When the patties are nearly done, add your buns to the grill, sliced side down and cook them just a few minutes, until toasted. Then take everything off the grill and assemble your sliders using the arugula greens, onions, and condiments of your choosing. We like topping our sliders with things like ketchup, mustard, diced olives, assorted veggie pickles, and barbeque sauce.

We make our own super tasty pickles and condiments. It’s a lot easier than you think and it’s more than worth the effort. Some of the best condiment and assorted veggie pickle recipes come from my favorite canning cookbook, Canning for a New Generation by Liana Krissoff. We especially love her recipes for zucchini pickles and ketchup. So tasty! I would definitely recommend picking up this book if you like preserving your own food.

 

Enjoy crafting your own tasty tempeh sliders this summer. We’d love to hear about any awesome variations you come up with!

Purple Dead Nettle: Not Just A Weed

Purple Dead Nettle (Lamium Purpureum) is a lovely and useful herbaceous plant. It grows abundantly around our site in Southwest, Michigan and I see it popping up all over this area. It can be found throughout the US, Canada, and many other parts of the world. This hardy weed thrives in lawns, roadsides, and can grow in a variety of conditions. It is also frost tolerant. It is most commonly found growing in loamy or sandy soils, but will also do well in clay soils. It is an self-seeding annual. Each plant produces lots of seeds (it’s estimated to be several hundred to several thousand) and those seeds can germinate year round.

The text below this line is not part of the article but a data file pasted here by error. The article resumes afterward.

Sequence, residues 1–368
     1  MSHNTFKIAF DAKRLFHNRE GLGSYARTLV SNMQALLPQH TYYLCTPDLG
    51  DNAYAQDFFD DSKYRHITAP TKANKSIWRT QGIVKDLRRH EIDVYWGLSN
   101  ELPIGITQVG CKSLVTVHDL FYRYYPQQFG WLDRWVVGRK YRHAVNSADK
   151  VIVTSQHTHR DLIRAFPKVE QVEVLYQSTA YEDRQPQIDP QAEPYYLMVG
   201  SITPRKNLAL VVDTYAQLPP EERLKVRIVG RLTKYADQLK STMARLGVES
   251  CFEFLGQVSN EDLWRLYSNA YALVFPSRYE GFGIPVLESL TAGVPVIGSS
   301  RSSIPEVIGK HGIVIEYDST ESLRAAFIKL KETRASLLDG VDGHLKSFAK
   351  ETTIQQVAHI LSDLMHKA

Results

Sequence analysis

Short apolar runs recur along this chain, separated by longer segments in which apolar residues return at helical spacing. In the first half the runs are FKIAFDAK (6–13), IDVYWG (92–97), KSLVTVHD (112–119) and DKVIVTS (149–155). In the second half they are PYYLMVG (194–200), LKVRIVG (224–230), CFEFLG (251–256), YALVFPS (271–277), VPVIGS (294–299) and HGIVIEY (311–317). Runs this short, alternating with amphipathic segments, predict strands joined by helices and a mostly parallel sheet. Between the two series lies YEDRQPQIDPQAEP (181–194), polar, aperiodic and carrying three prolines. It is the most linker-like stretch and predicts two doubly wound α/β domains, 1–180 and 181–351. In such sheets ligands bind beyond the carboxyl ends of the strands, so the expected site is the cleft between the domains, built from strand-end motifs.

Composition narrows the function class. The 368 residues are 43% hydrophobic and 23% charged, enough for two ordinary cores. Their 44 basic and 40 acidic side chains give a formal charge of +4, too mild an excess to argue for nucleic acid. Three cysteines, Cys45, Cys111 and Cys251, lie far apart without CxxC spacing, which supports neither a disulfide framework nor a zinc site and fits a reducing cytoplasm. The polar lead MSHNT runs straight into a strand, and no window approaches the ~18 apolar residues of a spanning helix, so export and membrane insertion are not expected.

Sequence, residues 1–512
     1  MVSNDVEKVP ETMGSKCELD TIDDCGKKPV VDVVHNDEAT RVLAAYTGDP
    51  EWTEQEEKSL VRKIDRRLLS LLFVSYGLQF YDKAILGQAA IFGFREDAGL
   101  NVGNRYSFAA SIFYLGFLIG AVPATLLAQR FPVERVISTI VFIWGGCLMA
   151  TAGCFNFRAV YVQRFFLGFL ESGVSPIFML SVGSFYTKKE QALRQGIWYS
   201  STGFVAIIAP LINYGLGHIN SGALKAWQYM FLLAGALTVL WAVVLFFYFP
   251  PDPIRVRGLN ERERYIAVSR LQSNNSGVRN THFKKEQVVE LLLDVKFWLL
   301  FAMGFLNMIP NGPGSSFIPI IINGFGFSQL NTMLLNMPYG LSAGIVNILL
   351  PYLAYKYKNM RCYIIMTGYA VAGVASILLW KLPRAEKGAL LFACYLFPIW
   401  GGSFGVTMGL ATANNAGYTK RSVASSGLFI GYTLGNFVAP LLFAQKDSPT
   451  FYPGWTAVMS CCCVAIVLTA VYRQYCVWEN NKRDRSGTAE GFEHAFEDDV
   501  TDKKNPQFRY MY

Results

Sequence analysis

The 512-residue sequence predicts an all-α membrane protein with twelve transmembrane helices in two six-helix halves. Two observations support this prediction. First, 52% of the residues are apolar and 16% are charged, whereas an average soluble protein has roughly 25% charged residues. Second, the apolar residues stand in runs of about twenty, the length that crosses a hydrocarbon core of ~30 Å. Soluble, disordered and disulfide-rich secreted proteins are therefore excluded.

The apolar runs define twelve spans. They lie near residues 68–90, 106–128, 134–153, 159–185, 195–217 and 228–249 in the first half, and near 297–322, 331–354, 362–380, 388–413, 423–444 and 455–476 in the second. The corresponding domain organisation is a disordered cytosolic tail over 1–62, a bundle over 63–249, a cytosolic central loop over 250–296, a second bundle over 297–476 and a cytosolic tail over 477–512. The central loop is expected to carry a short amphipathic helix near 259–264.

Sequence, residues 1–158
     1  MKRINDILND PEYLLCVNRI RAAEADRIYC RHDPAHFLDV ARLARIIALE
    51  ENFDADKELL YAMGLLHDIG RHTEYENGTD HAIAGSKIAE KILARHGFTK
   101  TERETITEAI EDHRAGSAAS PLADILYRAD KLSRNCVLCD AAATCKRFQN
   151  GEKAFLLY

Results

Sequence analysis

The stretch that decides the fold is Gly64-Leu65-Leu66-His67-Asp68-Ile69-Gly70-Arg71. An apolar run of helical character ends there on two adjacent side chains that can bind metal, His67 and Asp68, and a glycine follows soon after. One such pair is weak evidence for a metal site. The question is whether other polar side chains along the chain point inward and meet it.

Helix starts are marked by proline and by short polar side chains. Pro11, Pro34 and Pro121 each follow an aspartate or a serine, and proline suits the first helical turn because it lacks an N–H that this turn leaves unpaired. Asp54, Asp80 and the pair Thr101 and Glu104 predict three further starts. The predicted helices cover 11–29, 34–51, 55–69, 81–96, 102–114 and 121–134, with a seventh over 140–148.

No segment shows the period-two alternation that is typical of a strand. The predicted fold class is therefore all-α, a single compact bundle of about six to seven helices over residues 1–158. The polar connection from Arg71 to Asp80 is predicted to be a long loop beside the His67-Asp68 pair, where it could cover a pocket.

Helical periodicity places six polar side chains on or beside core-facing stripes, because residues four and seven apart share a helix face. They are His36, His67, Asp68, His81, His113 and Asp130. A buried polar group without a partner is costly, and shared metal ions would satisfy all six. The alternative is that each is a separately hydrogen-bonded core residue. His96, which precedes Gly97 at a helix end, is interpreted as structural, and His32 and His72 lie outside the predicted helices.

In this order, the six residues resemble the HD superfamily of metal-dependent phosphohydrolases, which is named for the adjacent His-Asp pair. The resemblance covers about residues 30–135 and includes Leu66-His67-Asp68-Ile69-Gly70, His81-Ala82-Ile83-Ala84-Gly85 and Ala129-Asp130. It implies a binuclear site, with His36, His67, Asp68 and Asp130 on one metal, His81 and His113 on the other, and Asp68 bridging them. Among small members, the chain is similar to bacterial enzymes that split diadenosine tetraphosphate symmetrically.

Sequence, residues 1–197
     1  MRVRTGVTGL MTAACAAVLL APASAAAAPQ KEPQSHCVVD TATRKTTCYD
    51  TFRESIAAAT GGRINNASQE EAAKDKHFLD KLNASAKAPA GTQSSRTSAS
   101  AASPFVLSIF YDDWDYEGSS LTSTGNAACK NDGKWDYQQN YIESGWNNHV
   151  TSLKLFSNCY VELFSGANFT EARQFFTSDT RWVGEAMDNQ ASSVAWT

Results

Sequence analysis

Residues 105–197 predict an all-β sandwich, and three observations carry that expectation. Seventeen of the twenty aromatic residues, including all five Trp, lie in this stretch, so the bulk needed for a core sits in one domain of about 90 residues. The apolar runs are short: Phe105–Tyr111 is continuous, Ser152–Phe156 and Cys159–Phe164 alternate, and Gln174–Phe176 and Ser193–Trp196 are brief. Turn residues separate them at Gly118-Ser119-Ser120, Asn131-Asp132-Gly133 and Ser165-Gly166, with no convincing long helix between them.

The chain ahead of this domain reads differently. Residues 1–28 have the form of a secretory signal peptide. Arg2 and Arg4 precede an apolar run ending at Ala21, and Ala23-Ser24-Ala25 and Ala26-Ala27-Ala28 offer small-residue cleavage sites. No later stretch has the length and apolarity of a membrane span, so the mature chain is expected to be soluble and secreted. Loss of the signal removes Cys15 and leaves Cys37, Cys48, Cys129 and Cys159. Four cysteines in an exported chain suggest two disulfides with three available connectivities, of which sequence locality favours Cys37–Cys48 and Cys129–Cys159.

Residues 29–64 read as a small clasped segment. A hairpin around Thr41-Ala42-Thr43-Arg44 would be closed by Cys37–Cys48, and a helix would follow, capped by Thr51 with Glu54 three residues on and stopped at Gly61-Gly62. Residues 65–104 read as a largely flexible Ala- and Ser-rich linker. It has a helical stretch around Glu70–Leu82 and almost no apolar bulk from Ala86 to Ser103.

Purple dead nettle is considered to be an “invasive species” due to its ability to thrive and reproduce in many environments. In fact, much of the literature available on this plant is geared towards methods of eradication, including pulling up the herb to control its population. It is interesting to note that purple dead nettle seeds germinate better when the soil is disturbed. “Invasive” plants like purple dead nettle often grow in places where humans have disrupted the natural balance.  These plants are simply trying to restore equilibrium to their environment. When we pull and spray these plants we are further disturbing the areas where they grow and actually increasing their ability to return and spread.